These simple tips will help a child who is distracted, inattentive, or having problems focusing on his or her school work. They are also useful for any child and can even prevent inattentiveness in an ever-more-distracting world.
- Keep a calm home environment. This means not yelling at your child if he doesn’t mind you or settle down to do his homework. Of course, every parent can be pushed to the extreme and “loses it” occasionally. If you do find yourself screaming, simply apologize to your child and reassure him that you love him while explaining that his behavior is sometimes frustrating.
- Limit media distractions in your home. Many children are not as good at filtering out noise as adults are. This means that having the television on while your child is trying to do her homework may interfere with her ability to concentrate. Limit your child to one hour of “screen time” per day, including television, electronic games, and other forms of eye candy. The American Academy of Pediatrics warns that early exposure to television is associated with a diagnosis of ADHD in children. They also recommend that parents not put a television set in the child’s room and that you keep the home’s TV turned off when you are not watching a specific program. You can find additional AAP recommendations on children and media here.
- Have your child’s vision and hearing tested. If your child suddenly starts to have trouble at school, take him to the pediatrician for a vision and hearing test. Sometimes a child is not able to express that he is having trouble seeing or hearing clearly. Several times in my experience, a child’s teacher thought he might have serious attention issues when the real problem was nearsightedness.
- Stay positive in your child’s presence. Don’t argue with your spouse or partner when your child is around. Surprisingly, children worry about their parents just as much as their parents worry about them. Hearing parents argue or even talk in loud voices can be scary to a child. Even if the arguments are not serious, to a child’s vivid imagination arguments might signify that her parents are headed for a divorce. Tell your child only the good things in your life, and keep the arguments for when the child is not present. Even if your child is in the other room, she can still hear your tone of voice and pick up on angry feelings. Remember, “little pitchers have big ears.” To air out the differences that inevitably occur in every marriage or partnership, parents should think about having lunch together or taking a walk together without the kids to have their disagreements and clear the air.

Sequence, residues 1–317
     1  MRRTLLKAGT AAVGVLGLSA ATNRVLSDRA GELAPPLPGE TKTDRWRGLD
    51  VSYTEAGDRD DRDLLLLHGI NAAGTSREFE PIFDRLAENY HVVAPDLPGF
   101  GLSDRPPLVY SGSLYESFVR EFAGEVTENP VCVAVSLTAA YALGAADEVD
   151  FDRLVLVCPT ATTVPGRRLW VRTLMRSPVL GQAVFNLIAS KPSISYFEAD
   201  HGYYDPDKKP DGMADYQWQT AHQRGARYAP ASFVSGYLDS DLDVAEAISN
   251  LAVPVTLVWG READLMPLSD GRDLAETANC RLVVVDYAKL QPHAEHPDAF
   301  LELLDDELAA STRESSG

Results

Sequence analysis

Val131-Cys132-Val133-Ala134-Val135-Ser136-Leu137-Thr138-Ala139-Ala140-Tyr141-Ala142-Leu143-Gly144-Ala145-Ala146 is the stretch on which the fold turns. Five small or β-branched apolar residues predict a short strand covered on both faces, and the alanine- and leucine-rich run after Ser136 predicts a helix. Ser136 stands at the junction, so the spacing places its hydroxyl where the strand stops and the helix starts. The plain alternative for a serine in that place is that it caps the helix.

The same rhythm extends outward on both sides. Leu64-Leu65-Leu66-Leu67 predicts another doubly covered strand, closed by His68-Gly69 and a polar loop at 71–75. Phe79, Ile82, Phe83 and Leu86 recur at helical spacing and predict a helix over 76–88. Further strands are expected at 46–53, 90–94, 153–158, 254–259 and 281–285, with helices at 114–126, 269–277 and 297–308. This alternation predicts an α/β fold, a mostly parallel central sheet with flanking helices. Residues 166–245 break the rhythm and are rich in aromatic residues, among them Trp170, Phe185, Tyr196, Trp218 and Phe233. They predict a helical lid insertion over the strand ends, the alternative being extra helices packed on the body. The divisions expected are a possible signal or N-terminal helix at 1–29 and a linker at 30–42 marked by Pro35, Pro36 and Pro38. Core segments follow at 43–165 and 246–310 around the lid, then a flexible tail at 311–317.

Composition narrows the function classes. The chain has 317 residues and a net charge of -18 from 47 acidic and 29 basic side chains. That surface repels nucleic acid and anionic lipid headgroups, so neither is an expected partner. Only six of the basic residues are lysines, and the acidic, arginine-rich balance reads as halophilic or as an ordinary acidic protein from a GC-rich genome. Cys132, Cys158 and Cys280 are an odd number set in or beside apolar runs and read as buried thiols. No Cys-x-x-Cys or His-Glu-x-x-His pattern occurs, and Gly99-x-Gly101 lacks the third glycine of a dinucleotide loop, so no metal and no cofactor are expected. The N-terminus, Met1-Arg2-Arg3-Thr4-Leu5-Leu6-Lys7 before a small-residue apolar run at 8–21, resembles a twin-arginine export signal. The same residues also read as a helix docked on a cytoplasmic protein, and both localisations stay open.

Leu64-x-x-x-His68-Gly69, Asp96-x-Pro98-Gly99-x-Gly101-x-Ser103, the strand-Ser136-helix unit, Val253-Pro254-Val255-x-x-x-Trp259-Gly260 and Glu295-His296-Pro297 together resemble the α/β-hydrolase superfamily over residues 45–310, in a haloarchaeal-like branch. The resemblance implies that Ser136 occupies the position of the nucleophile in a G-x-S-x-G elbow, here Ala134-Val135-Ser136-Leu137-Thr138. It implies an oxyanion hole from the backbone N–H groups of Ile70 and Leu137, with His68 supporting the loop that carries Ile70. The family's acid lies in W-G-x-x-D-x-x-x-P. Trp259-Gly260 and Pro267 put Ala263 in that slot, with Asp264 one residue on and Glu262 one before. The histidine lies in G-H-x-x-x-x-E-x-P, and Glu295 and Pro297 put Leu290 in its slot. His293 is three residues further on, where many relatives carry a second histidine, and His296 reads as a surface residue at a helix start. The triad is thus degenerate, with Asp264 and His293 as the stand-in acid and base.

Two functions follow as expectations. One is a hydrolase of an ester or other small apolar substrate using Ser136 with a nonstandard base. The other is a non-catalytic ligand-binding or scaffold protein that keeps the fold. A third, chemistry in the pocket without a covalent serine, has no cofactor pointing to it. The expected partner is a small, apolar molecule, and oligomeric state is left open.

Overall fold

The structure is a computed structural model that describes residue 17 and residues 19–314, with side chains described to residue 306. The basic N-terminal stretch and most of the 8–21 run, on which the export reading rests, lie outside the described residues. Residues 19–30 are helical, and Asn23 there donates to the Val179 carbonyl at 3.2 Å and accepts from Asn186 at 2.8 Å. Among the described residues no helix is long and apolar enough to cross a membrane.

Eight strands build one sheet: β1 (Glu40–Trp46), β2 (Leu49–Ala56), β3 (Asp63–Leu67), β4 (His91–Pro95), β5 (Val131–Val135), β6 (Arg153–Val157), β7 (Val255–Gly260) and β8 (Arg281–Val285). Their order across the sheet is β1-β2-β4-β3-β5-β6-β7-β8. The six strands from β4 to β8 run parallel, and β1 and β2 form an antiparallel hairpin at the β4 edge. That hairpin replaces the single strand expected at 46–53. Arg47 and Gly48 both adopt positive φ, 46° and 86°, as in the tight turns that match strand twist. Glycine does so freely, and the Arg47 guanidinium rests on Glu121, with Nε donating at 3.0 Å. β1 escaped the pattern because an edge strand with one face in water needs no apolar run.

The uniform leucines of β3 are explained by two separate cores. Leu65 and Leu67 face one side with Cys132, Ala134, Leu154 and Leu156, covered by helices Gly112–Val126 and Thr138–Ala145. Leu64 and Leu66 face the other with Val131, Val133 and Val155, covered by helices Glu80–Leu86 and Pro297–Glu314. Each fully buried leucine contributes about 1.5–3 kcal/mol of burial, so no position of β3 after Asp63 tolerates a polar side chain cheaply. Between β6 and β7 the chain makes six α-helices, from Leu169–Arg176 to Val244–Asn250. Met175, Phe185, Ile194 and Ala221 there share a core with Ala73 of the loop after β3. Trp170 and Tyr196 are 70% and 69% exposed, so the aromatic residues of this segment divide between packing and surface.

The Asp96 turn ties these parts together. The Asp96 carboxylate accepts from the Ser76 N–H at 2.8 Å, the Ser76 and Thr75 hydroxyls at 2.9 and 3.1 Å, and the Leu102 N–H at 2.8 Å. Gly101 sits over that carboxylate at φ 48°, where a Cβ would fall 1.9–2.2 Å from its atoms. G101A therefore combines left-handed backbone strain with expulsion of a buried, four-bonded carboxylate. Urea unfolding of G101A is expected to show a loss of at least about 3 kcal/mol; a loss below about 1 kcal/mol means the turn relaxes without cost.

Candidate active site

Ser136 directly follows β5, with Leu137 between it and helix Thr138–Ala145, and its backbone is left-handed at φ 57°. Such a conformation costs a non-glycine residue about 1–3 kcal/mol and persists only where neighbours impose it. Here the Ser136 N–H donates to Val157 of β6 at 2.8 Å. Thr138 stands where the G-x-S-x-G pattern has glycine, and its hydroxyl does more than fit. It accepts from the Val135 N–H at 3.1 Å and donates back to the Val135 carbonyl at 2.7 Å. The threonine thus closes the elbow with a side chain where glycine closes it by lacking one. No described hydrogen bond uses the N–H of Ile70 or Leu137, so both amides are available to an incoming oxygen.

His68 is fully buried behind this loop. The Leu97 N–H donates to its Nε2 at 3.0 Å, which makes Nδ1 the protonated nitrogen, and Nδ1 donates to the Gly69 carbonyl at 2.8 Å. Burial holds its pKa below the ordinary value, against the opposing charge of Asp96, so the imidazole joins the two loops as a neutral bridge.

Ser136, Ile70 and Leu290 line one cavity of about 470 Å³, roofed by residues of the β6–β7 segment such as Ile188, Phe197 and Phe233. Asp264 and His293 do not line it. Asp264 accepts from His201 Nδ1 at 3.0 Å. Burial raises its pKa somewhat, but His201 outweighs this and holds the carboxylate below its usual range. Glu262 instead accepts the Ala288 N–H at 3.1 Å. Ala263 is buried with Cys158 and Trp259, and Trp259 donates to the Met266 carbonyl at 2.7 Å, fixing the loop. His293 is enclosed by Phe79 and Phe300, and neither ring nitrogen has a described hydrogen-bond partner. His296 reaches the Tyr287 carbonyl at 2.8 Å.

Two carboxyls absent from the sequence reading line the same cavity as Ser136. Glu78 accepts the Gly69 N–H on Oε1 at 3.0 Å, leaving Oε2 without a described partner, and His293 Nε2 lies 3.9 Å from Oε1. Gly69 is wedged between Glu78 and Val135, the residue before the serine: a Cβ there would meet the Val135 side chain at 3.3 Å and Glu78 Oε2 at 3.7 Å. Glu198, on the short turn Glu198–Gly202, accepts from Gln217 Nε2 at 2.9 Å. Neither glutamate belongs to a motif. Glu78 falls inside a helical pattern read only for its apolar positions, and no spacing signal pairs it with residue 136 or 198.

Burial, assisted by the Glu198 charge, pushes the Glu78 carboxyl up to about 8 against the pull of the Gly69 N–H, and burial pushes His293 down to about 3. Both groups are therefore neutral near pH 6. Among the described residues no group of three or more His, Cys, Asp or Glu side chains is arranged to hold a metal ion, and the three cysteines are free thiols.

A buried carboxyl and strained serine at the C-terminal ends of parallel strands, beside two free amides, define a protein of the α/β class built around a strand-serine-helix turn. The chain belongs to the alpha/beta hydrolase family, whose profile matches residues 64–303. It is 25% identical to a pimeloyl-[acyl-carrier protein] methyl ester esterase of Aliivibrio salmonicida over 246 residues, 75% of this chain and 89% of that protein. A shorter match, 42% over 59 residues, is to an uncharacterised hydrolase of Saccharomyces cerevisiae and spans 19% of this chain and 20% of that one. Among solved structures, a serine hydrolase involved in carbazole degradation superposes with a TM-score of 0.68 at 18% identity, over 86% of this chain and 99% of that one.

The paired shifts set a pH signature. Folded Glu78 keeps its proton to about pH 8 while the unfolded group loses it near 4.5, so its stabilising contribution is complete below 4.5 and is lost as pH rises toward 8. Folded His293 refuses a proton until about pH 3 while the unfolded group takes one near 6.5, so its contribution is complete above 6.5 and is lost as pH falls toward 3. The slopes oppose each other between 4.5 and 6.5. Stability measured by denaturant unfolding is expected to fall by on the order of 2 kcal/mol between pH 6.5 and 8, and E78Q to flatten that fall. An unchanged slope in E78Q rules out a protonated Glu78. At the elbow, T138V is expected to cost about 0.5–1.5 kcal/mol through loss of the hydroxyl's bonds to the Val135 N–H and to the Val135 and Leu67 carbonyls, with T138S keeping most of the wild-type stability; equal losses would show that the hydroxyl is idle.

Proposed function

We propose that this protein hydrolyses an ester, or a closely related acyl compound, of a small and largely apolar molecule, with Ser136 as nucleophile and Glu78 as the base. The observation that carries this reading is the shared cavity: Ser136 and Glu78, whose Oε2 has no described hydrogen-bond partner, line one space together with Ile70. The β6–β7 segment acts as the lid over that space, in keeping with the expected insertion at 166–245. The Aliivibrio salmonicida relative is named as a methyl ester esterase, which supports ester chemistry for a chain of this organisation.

- Be “in the moment” with your child at least once every day. Find a few minutes each day when you can focus 100% of your attention on your child: Read him a book, play a short board game, or make a drawing or a painting together. If you prefer outdoor games, go to the park and play basketball or tennis with your child. Turn off your smartphone, computer, and TV to avoid distractions.
- Set clear rules and enforce them consistently. Parents should come to an agreement about the rules and consequences concerning their child and back each other up. Being on the same page about discipline is especially crucial if a child is having trouble focusing. When parents ask me about a good book on discipline, I always recommend 1-2-3 Magic: 3-Step Discipline for Calm, Effective, and Happy Parenting by Thomas W. Phelan, Ph.D. His method really works, especially for younger children.
- Enroll your child in a sport to channel her extra energy. If your child is “hyper,” she may need more outlets for her energy. Remember, Olympic gold medal swimmer Michael Phelps had trouble focusing in the classroom and was diagnosed with ADHD. After being on medication for four years, Phelps decided that the medication was an unnecessary crutch. With the help and support of his doctor, he weaned himself off it at age 13. Phelps learned to control his inattentiveness at school by using the power of his mind and found a wholesome outlet for his extra energy in competitive swimming.
Mad in America hosts blogs by a diverse group of writers. These posts are designed to serve as a public forum for a discussion—broadly speaking—of psychiatry and its treatments. The opinions expressed are the writers’ own.
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